Wednesday, February 24, 2010

A Bitter Pill

An irritation has been building inside me over the past months and years and I guess I'm finally ready to address it. This is making it to the page because, like that wee straw that eventually breaks the camel's back, I have had to suffer through reading yet another article that documents the woeful cries of government over the loss of tax revenues in an imperfect tax system.

It may make more sense to property owners in Muskegon County that they will be paying less in taxes because their property values have declined.

However, the flip side to the declining property values projected by the Muskegon County Equalization Department will mean less dollars for local governmental units that already are struggling to balance a budget and oftentimes resorting to cuts they deem painful, but necessary.

Times are tough everywhere, not only for federal, state, and local governments, but also for the people who work 'til June to pay for the operation of those efficient machines we call the federal, state, and local governments.

I know that governments are not businesses. I know too that they are incapable (and undesirous) of responding to market forces exactly like businesses do because in tough economic times many of government's services and programs become more demanded; more people need assistance with food, heat, and transportation. More people need the unemployment check and help with the kid's tuition. More people need public resources to find that next elusive job.

But what about the good times?

During the good times, when profits are climbing and payrolls are expanding and all associated tax receipts are rising as a result, governments do not respond in a manner that should reflect a predictable decrease in the need for government provided services.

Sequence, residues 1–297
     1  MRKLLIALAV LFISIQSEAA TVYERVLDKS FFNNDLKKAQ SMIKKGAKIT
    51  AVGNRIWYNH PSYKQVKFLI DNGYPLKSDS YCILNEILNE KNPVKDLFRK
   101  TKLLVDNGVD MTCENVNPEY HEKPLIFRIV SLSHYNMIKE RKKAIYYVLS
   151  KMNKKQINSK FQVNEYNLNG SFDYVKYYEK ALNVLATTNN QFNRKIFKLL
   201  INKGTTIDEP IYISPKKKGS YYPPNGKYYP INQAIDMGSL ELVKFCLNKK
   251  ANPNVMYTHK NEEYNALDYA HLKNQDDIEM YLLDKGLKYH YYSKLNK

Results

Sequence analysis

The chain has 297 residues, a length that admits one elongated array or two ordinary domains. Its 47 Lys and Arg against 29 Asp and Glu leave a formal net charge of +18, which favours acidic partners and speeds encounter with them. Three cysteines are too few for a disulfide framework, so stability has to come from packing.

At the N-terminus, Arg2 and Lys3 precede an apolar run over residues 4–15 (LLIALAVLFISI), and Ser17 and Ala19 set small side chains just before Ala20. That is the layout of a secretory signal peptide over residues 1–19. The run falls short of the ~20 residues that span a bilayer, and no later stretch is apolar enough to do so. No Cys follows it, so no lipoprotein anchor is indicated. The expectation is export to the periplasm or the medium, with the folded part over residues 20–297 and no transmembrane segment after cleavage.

Instead, governments at all levels find themselves expanding in times of prosperity because they find themselves encouraged to do so by the burgeoning public treasury. When the money tap is wide open services are expanded into new areas, facilities are updated and built, new programs are created, and staffs for all such expansions are hired and slathered with benefits. It is also during the boom times that political leaders are finally able to pull the trigger on pet projects that they could not justify when the money was tight.

But, when tax revenues cyclically contract due to a sluggish economy, most of these boom time expansions are maintained even if on a reduced level--the hallway still has to be buffed and that boiler isn't going to clean itself.

The net result of a government's desire to grow in boom times and its perceived need to grow in times of contraction sets citizens up for more lengthy periods of economic distress and for a perpetual assault on the taxpayer's pocketbooks.

Our governments have become exactly what we have allowed them to become--relentless collectives intent upon providing more and more for individuals in both good times and bad. They seek to become the do all and end all in both our personal and public lives.

While I don't like Michigan's decade old recession any more than the next guy, I am at least observant of one positive that might come from it. A strong and protracted period of economic contraction is the only proven way to actually force governments to act more responsibly. They might still resist and they might ultimately succeed in that resistance, but without a hobbling of revenue they will never be restrained.

It is a very bitter pill to swallow.

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